Story for George Bush, Hank Paulson, and Ben Bernanke
My wife and I are renters – we figured we never could justify paying the crazy prices we saw people charging for houses. But now the bubble burst, and we figured – OK, now’s our time.
So there’s this house my wife likes. A lot. So much so that we’ve had our eye on it for the past six months. Here’s the story. We were driving through a neighborhood she likes and saw a For Sale sign. We made an appointment and saw the house.
A week later, my wife called the woman who owned the place to discuss making an offer. We had a figure in mind that worked out to precisely the price you see on Zillow, and which, if you work backward from her property tax bill, tells you was the about the figure the property tax assessor had come up with at the last assessment. (Put another way – given the bubble burst, the bid we made was higher than I was comfortable with, but my wife really, really liked the house, and in its defense, there had been some nice work done inside.)
The woman turned down our offer. She claimed she needed to get 40% more just to pay what she owed on the house. We offered to try to deal with Countrywide to arrange a short sale but she simply stopped responding to us. It turns out the home had been up for sale for well over a year – there’s no chance she could have gotten that price even before the bubble burst.
We then learned the property was in the foreclosure process. The sheriff’s assessment of the house was actually more than 10% below the price we had offered. (And, I might add, within a few thousand dollars of the price I told my wife the house was worth when we first contacted the woman who owned it.)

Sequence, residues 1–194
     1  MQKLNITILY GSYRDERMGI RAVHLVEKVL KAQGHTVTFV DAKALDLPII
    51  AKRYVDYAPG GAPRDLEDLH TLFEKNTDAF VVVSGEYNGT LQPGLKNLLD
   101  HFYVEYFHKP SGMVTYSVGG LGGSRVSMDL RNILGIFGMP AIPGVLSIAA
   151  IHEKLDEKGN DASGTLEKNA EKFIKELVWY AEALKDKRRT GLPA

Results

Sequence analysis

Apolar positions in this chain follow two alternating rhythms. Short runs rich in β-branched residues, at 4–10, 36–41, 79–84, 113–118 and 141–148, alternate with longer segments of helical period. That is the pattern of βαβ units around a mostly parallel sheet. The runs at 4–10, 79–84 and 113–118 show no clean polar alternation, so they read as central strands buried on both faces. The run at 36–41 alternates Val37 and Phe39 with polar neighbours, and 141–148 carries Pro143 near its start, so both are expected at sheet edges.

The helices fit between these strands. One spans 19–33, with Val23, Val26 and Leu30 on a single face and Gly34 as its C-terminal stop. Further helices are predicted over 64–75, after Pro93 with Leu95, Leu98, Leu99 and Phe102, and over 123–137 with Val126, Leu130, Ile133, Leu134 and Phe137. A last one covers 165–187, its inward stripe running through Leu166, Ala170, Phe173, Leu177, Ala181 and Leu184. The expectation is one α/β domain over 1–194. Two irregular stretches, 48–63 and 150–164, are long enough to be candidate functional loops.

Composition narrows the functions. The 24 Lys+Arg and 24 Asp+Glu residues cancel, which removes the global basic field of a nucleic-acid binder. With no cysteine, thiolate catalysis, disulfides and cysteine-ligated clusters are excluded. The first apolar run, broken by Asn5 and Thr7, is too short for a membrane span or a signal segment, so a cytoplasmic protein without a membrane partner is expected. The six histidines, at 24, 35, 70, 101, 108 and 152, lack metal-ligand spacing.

So we showed up on the day of the sheriff’s auction when the home was going to be up for bid, but she had declared bankruptcy that morning, which apparently removes the home from the “to be auctioned” list. Since my wife was still interested in the home, and bankruptcy filings are public records, we took a look.
Here’s what we learned: the amount owed to Countrywide is 140% of the sheriff’s assessed value, and of course, the odds of it fetching the sheriff’s assessed value is quite low, even in good times. Plus, it seems the woman’s other debts mean her total debt is more than twice what she owes on her mortgage, and she has no job. (I’m not sure what the woman or Countrywide were thinking, but hey, this is why I didn’t buy a house before.)
So we’ve contacted Countrywide to make another offer taking into account the current circumstances. Our offer is equal to what we think that house would fetch at the auction. No “yes,” no “no,” no nothing. We contacted them repeatedly.
According to the bankruptcy filing, the woman intends to surrender the home to Countrywide. (I can’t imagine she has much of a choice in the circumstances.) So in a few weeks, they will take possession of the house. I don’t see any way that a deal can be worked out with the woman who borrowed the money to buy it in the first place. (Remember – debts equal to twice the outstanding mortgage, plus no income.) So they either sell the house, or pay for its maintenance and property taxes.
You’d think in this environment, Countrywide would have some interest in talking to eager potential buyers. You’d be wrong. Its one thing to bail out companies that got themselves in trouble doing stupid things, as we’re doing to Countrywide’s now parent-company. Its another to bail them out when they go out of their way to avoid developing a viable business model.
And its not just that the plan is rewarding companies that made insane decisions and encouraging them to make new insane decisions. It also impedes the market and ties up capital by preventing willing, responsible buyers with money in their pockets from buying homes. This is the very predictable result of the bail-out. Mission Accomplished.